32. When nominations shall be made in writing by the president of the United States to the senate, a future day shall be assigned unless the senate unanimously direct otherwise, for taking them into consideration. When the president of the United States shall meet the senate in the senate chamber, the president of the senate shall have a chair on the floor, be considered as the head of the senate, and his chair shall be assigned to the president of the United States. When the senate shall be convened by the president of the United States to any other place, the president of the senate and senators shall attend at the place appointed. The secretary of the senate shall also attend to take the minutes of the senate.
33. Whenever a treaty shall be laid before the senate for ratification, it shall be read a first time for information only; when no motion to reject, ratify, or modify, the whole, or any part, shall be received. Its second reading shall be for consideration; and, on a subsequent day, when it shall be taken up, as in committee of the whole, and every one shall be free to move a question on any particular article, in this form : 6. Will the senate advise and consent to the ratification of this article ?" or to propose amendments thereto, either by inserting or by leaving out words; in which last case, the question shall be, “ Shall these words stand as part of the article ?” and in every of the said cases, the concurrence of twothirds of the senators present shall be requisite to decide affirmatively. And when through the whole, the proceedings shall be stated to the house, and questions shall be again severally put thereon for confirmation, or new ones proposed, requiring, in like manner, a concurrence of two-thirds, for whatever is retained or inserted; the votes so confirmed shall, by the house, or a committee thereof, be reduced into the form of a ratification, with or without modifications, as may have been decided, and shall be proposed on a subsequent day, when every one shall again be free to move amendments, either by inserting or leaving out words ; in which last case, the question shall be, “Shall these words stand part of the resolution ?” And in both cases, the concurrence of twothirds shall be requisite to carry the affirmative, as well as, on the final question, to advise and consent to the ratification in the form agreed to,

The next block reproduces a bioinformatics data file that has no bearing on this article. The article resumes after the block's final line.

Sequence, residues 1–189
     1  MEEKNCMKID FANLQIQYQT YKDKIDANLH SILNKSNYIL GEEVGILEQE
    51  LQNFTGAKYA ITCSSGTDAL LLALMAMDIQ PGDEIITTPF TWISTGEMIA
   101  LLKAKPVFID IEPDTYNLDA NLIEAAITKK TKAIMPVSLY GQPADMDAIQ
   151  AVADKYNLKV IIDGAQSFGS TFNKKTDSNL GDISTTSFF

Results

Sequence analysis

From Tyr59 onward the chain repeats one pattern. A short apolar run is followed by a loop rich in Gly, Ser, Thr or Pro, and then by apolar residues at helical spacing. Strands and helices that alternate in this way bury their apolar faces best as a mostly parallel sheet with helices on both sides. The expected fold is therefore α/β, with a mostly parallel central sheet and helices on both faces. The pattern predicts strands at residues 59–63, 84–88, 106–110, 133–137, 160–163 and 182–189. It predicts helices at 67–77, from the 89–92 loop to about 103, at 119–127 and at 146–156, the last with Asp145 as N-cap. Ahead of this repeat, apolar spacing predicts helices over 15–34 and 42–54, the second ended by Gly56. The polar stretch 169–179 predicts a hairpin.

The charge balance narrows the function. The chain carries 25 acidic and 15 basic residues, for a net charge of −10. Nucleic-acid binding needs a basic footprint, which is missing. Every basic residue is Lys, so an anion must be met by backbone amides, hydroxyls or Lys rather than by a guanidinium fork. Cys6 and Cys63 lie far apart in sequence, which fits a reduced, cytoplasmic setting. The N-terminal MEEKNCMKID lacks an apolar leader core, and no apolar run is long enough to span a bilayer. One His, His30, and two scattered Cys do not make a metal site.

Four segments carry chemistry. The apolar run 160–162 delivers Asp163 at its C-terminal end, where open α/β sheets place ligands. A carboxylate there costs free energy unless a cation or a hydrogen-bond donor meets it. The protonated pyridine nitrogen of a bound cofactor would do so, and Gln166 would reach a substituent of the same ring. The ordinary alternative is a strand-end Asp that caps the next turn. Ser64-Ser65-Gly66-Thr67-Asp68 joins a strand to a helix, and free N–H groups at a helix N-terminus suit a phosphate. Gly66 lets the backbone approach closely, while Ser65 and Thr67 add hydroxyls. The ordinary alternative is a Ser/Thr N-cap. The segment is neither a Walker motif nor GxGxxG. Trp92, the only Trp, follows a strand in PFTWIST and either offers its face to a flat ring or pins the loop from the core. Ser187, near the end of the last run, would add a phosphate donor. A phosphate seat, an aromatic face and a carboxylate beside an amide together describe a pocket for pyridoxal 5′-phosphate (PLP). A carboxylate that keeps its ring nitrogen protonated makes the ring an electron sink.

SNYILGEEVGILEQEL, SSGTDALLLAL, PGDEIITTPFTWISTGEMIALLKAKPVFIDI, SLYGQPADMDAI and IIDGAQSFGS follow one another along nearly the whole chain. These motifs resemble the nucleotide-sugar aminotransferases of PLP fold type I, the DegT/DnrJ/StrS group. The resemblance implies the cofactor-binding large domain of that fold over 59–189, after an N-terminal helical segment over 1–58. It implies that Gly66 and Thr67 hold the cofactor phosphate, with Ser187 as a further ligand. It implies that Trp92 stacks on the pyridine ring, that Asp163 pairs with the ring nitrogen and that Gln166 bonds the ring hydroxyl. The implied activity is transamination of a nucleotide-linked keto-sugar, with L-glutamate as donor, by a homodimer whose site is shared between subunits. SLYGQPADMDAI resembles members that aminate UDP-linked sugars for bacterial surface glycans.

34. When an amendment to be proposed to the constitution is under consideration, the concurrence of twothirds of the members present shall not be requisite to decide any question for amendments, or extending to the merits, being short of the final question.
35. When any question may have been decided by the senate, in which two-thirds of the members present are necessary to carry the affirmative, any member who votes on that side which prevailed in the question, may be at liberty to move for a reconsideration; and a motion for reconsideration shall be decided by a majority of votes.
36. All confidential communications made by the president of the United States, to the senate, shall be by the members thereof kept secret; and all treaties which may be laid before the senate shall also be kept secret, until the senate shall, by their resolution, take off the injunca tion of secrecy.
37. All information or remarks, touching or concerning the character or qualifications of any person nominated by the president to office, shall be kept secret.
33. When acting on confidential or executive business, the senate shall be cleared of all persons, except the secretary, the sergeant-at-arms, and door-keeper, or in his absence, the assistant door-keeper.
39. Extracts from the executive record are not to be furnished but by special order.
40. Every vote of the senate shall be entered on the journal, and a brief statement of the contents of each petition, memorial, or paper, presented to the senate, be also inserted on the journal.
41. No paper or document shall be printed for the use of the senate, without special order.
12. The proceedings of the senate, when they shall act in their executive capacity, shall be kept in separate and distinct books.
43. The proceedings of the senate, when not acting as in a committee of the whole, shall be entered on the journal as concisely as possible, care being taken to detail a true and accurate account of the proceedings.
44. Messages shall be sent to the house of representatives by the secretary, who shall previously indorse the final determination of the senate thereon.
45. Messengers are introduced in any state of business, except while a question is putting, while the yeas and nays are calling, or while the ballots are counting.
46. When the yeas and nays shall be taken upon any question, in pursuance of the 16th rule for conducting business in the senate, no member shall be permitted, under any circumstances whatever, to vote after the division is pronounced from the chair.
47. The presiding officer of the senate shall examine and correct the journals before they are read, and shall have the regulation of such parts of the capitol and its passages as are or may be set apart for the use of the senate and its officers,